Top judge warns against creeping influence of external investors over professional ethics
London: still a good place to litigate, says Gross LJ
A Court of Appeal judge has issued a warning over the risk of external investment in law firms leading to “small, imperceptible steps” that could put business interests ahead of professional ethics.
Lord Justice Gross also told the Bar that it was “too simplistic” to claim that all the instances of poor advocacy came from other parts of the profession.
Addressing the London Common Law and Commercial Bar Association on whether the capital is still, and will continue to be, a good place to litigate, the judge highlighted the importance of both solicitors and barristers displaying “the highest standards of probity”.
He said: “I flag this point because we face the prospect of a variety of legal structures to come, including the prospect of outside investment. It is no part of the judiciary’s function to oppose innovation simply because it is new; but it is not inappropriate to sound a warning against any erosion of the advocate’s duty to the court.
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“I am anxious to ensure that a conflict between shareholder value or business interest on the one hand and professional ethics should always be resolved in favour of the latter – and the point is worth making because the pressures to the contrary can arise in subtle form through small, imperceptible steps.
“There is of course the further matter to which I can only allude – namely, that the more innovative we are with the delivery of professional services, the greater the likely burden of regulation, a matter replete with it its own difficulties.”
He also suggested that the Legal Services Act 2007 had moved the profession “from relatively straightforward regulation to what might be described as a more complex, more expensive regulatory landscape”.
Gross LJ emphasised the importance of an independent Bar to the rule of law, but said the judiciary may speak out from time to time where the quality of advocacy is threatened. “The QASA scheme (Quality Assurance Scheme for Advocates, in the criminal sphere) may be seen as a facet of this concern,” he said.
He added later: “It would be too simplistic to say that all good advocacy comes from the Bar and all shortcomings in advocacy come from others. I fear, in my experience at least, that is simply not so. There is a challenge for the leadership of the Bar which must maintain its standing as the advocacy profession of excellence.”
The judge expressed concern about the impact of legal aid cuts on the excellence of advocacy in the future. “Money is in short supply; that is a reality. There are many priorities and supplicants for public funds. That too is understood. However, reducing cost – in the sense of tightening the legal aid budget – must, over time, impact on the willingness of the best and brightest to practise at the publicly funded Bar. What will this do to the quality of our justice system over time, in areas such as crime and family?”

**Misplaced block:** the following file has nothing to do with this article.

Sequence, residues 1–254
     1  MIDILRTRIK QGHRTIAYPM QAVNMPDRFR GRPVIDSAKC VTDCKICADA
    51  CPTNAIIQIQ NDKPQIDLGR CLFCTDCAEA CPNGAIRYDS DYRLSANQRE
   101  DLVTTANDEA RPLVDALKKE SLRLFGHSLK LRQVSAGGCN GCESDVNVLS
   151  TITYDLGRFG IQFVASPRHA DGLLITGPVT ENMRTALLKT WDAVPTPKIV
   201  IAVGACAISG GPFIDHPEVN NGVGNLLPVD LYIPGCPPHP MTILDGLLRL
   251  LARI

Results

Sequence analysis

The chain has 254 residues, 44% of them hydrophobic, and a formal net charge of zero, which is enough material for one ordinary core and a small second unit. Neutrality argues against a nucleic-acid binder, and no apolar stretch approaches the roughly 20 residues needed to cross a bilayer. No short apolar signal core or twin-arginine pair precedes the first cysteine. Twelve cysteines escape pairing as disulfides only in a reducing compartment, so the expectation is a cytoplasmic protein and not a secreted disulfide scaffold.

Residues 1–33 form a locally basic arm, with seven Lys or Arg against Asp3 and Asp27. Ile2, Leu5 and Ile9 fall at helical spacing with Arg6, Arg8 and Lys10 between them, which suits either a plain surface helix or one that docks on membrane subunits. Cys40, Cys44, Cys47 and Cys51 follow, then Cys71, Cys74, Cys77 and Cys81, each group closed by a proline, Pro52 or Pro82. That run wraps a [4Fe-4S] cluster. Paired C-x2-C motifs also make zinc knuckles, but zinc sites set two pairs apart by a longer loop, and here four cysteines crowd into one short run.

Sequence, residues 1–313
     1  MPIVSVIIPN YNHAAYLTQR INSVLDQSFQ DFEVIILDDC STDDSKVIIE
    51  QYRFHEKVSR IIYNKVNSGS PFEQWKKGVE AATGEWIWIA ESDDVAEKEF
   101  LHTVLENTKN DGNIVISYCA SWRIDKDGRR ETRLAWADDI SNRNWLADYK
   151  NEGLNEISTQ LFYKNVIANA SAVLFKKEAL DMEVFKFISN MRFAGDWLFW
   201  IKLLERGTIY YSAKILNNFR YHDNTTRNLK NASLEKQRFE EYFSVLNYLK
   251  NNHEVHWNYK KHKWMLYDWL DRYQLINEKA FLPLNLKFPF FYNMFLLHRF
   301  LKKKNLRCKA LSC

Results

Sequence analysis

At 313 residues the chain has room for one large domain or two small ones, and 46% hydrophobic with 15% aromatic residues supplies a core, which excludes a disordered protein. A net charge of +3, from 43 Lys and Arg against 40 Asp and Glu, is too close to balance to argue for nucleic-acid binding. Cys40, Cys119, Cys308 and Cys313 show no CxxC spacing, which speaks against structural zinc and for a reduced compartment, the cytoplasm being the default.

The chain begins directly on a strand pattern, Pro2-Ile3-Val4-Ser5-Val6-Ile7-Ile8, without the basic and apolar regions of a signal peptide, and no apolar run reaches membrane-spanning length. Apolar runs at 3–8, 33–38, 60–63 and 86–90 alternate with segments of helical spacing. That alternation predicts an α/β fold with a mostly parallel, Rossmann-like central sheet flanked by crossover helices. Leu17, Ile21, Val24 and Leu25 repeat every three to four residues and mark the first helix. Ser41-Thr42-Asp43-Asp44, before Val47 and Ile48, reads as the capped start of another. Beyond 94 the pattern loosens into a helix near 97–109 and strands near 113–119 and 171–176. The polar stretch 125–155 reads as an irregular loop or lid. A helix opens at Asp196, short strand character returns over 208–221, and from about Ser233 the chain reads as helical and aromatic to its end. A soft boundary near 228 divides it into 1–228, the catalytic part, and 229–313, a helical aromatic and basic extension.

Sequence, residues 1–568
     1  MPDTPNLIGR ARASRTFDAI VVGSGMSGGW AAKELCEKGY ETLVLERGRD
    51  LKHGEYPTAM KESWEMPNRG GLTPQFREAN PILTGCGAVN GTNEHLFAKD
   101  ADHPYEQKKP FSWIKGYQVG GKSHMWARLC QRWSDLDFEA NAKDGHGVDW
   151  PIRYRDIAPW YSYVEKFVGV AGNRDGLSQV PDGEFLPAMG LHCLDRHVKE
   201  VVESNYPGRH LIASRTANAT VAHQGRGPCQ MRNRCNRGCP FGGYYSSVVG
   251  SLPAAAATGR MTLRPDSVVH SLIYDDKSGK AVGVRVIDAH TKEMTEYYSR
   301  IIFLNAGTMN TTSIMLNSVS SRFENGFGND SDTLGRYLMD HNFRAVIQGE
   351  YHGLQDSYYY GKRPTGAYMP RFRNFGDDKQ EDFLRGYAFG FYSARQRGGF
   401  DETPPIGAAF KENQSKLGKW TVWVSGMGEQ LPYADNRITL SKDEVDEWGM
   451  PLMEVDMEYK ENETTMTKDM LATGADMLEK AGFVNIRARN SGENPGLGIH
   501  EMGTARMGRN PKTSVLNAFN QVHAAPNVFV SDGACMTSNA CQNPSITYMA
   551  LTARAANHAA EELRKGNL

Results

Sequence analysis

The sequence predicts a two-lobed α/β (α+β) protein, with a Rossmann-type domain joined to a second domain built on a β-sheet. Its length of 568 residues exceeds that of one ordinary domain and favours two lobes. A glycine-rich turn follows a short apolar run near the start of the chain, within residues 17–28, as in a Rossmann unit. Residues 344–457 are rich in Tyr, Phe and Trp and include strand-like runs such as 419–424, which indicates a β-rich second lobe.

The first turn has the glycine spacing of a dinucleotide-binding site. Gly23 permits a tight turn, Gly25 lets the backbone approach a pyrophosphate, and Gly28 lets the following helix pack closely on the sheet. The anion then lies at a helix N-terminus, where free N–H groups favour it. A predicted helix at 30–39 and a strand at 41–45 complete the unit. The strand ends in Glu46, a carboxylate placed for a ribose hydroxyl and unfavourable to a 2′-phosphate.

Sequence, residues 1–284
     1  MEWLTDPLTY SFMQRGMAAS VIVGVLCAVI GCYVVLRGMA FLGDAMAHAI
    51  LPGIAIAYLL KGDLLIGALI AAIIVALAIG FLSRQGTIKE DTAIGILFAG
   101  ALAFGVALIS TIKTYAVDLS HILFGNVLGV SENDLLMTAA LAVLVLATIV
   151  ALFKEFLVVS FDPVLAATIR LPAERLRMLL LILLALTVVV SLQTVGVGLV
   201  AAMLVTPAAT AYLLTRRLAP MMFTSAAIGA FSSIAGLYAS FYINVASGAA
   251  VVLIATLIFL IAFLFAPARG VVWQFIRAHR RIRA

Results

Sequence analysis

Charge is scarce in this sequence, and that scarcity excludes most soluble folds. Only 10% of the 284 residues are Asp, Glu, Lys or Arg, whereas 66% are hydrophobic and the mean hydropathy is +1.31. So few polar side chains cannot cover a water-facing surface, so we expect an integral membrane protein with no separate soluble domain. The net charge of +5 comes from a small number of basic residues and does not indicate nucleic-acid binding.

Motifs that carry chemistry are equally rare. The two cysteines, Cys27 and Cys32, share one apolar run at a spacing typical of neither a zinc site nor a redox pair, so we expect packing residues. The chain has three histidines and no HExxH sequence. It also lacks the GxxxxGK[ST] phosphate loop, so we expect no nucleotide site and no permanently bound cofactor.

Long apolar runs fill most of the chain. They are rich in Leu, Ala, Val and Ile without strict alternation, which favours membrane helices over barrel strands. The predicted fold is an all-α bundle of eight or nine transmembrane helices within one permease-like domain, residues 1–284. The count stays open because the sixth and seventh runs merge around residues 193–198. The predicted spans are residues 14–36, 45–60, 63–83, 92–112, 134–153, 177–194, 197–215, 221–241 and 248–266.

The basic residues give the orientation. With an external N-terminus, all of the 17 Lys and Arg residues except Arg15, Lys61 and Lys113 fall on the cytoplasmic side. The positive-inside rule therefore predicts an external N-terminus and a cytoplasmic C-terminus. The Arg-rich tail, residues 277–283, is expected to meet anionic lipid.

He echoed other judges in warning that to the extent the legal aid cuts increase the number of litigants in person, “there is a very real risk of increasing delay, so, in part at least, negating any savings”.
Gross LJ also suggested that while over recent years there has been much emphasis on rights, some might say there has been too little on duties. “We are in danger of encouraging the assertion of rights while not having the resources to permit their proper exercise. Something may have to give.”
Nonetheless, despite various further concerns about the impact on the efficiency of the courts of issues like the over-use of expert witnesses and excessive use of judicial reviews, and longer term the effects of new funding arrangements on the “culture of litigation and burden of regulation”, the judge concluded that England and Wales is still a good forum for litigation.
“We do need, however, to remain vigilant. We face competitive pressures internationally and obvious constraints domestically. Some reforms, however well meant, have the potential to generate unintended adverse long-term consequences.
“In coping with our difficulties and in confronting the challenges which undoubtedly lie ahead, it seems to me that the five principles highlighted tonight provide sure guides: to recap – the public interest, integrity, excellence, efficiency and a focus on the long term.
“The effort will be worthwhile. What is at stake is no less than the enduring future of our justice system, one of this country’s strongest assets, whether considered in terms of values or trade.”
Tags: ABS, advocacy, Alternative business structures, Barristers, external investment, external owners, QASA, Quality Assurance Scheme for Advocates